Microfilament motor activity

An introduction to actomyosin[Edit]

Actin filament networks, both within filopodia and lamellipodia, are highly dynamic structures. This characteristic is exemplified in the retrograde motion that is intrinsic to the ‘treadmilling’ mechanism of filament formation. Further to this motion, a number of cellular processes such as filopodial retraction and lamellipodial/lamellal contractions, rely on the rearward movement of the whole filament network or large filament bundles. The retrograde motion of actin treadmilling may play a minor role in aiding these processes, however additional factors are required.

One class of proteins that has been implicated in the translocation of F-actin is the myosin motor protein family. It remains unclear which isoforms contribute to this process in specific situations and to what extent [1, 2, 3, 4]. Each member of the myosin family possesses unique structural and functional properties, such as their step size, that determines their ability to engage in F-actin translocation [5]. It has been shown that myosins in general are required for this process to facilitate filopodial retraction [2].

Myosin II specifically, has been associated with F-actin retraction in several cell types including neurons [1], fibroblasts [6] and keratocytes [7], with particular emphasis on its role in the lamella and lamellipodia. Initially Myosin II was believed to influence F-actin dynamics and motility from within the lamella, as it had not been observed at the leading edge however it was recently observed within lamellipodia as protrusion reaches its peak, just prior to retraction [8]. This study postulates that myosin II is responsible for the formation and retrograde movement of actin arcs - bundles that form parallel to the leading edge and possibly contact multiple focal adhesions. This movement originates at the lamellipodium and moves rearward into the lamellum, producing a single continuously flowing actin network in the form of arcs [8]. It was consequently proposed that the rate of retrograde movement is reduced as the arcs contact focal adhesions near and within the lamella [8].

Sarcomeres facilitate contractility of skeletal muscle[Edit]

Numerous motor proteins exist and each possess unique characteristics that allow them to facilitate different processes and functions. Even within the myosin superfamily variation exists in structure and function of each member. Not only can motor proteins translocate along microfilaments, but they can induce movement in the filament itself. It is this property that gives rise to the contractile properties of skeletal muscle.

Contractile Bundles in Skeletal Muscle 

Figure 1.
In skeletal muscle cells, myosin II forms only thick filaments that are arranged within a scaffold of actin thin filaments (along with numerous other proteins). These form the higher order fibrous structures known as sarcomeres. Each sarcomere contains numerous repeating units of interlinked thick and thin filaments, and the opposite orientation of the myosin heads causes adjacent actin filaments to slide past each other during muscle contraction. Each sarcomere is ~2 µm long in resting muscle, but this length is shortened by as much as 70% after muscle contraction. Muscle contraction is regulated by calcium levels [9] and by the troponin regulatory system. Although actin subunits continue to turn-over at both ends of the thin filament, this exchange is relatively slow, making the actin filaments in sarcomeres relatively more stable when compared to the actin filaments found in other cell types.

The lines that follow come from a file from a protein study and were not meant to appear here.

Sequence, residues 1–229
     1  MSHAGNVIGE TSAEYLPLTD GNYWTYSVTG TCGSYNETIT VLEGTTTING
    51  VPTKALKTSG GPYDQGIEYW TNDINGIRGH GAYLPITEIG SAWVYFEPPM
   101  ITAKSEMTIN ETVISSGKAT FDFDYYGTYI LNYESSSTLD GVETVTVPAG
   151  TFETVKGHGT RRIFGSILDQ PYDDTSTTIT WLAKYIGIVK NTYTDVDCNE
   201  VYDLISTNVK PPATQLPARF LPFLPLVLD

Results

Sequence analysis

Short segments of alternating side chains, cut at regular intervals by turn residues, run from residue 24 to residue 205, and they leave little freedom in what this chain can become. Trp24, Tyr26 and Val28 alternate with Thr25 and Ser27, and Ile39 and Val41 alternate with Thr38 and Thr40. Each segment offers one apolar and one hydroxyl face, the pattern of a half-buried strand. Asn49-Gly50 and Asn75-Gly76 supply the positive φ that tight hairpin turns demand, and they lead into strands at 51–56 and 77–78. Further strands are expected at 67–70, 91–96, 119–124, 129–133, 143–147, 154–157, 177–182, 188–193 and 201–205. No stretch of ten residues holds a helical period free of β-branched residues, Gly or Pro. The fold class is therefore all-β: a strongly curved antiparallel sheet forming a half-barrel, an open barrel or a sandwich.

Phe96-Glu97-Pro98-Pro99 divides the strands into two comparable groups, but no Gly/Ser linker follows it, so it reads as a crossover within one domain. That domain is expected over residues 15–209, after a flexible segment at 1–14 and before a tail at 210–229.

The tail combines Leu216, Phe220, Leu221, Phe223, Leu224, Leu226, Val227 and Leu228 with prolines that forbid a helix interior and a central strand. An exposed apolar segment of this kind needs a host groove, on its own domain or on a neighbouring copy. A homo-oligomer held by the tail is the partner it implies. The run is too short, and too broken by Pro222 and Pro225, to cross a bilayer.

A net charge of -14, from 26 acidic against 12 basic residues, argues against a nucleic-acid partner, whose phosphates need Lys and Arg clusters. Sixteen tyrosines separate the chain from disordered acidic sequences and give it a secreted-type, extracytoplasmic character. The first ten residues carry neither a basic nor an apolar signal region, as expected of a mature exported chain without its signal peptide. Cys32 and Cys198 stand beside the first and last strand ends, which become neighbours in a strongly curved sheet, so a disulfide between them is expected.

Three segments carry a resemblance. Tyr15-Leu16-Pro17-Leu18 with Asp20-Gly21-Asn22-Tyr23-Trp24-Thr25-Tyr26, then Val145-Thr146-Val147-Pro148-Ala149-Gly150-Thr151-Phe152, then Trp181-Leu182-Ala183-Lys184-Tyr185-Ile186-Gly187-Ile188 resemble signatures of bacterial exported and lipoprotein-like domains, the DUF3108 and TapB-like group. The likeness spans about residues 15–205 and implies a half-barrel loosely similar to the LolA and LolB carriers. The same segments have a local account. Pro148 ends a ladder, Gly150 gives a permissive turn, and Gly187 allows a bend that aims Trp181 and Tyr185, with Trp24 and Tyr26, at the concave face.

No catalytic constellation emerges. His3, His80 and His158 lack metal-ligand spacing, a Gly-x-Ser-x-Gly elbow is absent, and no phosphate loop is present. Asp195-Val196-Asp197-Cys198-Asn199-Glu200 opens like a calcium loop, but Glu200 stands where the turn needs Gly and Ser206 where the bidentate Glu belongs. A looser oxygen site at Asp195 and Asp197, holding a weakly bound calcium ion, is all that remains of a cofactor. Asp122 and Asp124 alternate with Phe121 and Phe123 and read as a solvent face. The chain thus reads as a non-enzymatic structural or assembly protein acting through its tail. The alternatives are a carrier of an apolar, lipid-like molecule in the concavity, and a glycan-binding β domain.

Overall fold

Video: Sliding filament theory of muscle contraction. [Video was uploaded to YouTube by avice01 and created by Sara Egner using electron micrography from P M Motta, P M Andrews, K R Porter and J Vial.]

Contractile Bundles in Nonmuscle Cells[Edit]

In non-muscle cells, myosin II associates with actin filaments to form contractile structures known as stress fibers along the lower surfaces where the cell is anchored to its substrate. In epithelial cells, contractile bundles are also prominent in the adhesion belt (aka adherens belt), which helps to maintain the stability and integrity of epithelial cell sheets. The contractile bundles in nonmuscle cells are similar to skeletal muscle fibers, but they are smaller (~0.4 µm in fibroblasts), less organized, and they contain different accessory proteins [10]. 

Figure 2. Stress fiber structure: A. Isolated stress fibers have a banded appearance, with bundles of actin filaments interspersed with semiperiodic electron-dense regions. B. The electron-dense regions are rich in actin crosslinking proteins, namely α-actinin. Bipolar myosin II filaments lie between the loosely packed actin filaments in the regions that lack α-actinin . C. A high resolution view of the bipolar myosin filament heads interspersed between the regions rich in α-actinin. Relative to α-actinin, the more flexible actin crosslinking protein, filamin, is dispersed throughout the entire stress fiber.
Historically speaking, the mechanism of actomyosin contraction for nonmuscle actin was examined using amoebae proteins Dictyostelium, Acanthamoeba) because the actin is very similar to muscle actin [11]; these initial studies showed the rate of ATP hydrolysis by myosin (and hence myosin movement) varies directly with the actin concentration [12]. Further studies using isolated stress fibers from fibroblasts confirmed that stress fibers are contractile and shorten by as much as 25% [13]. Myosin II bundle formation and contractile activity in nonmuscle cells is regulated by phosphorylation [14].


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Updated on: Mon, 20 Oct 2014 09:41:57 GMT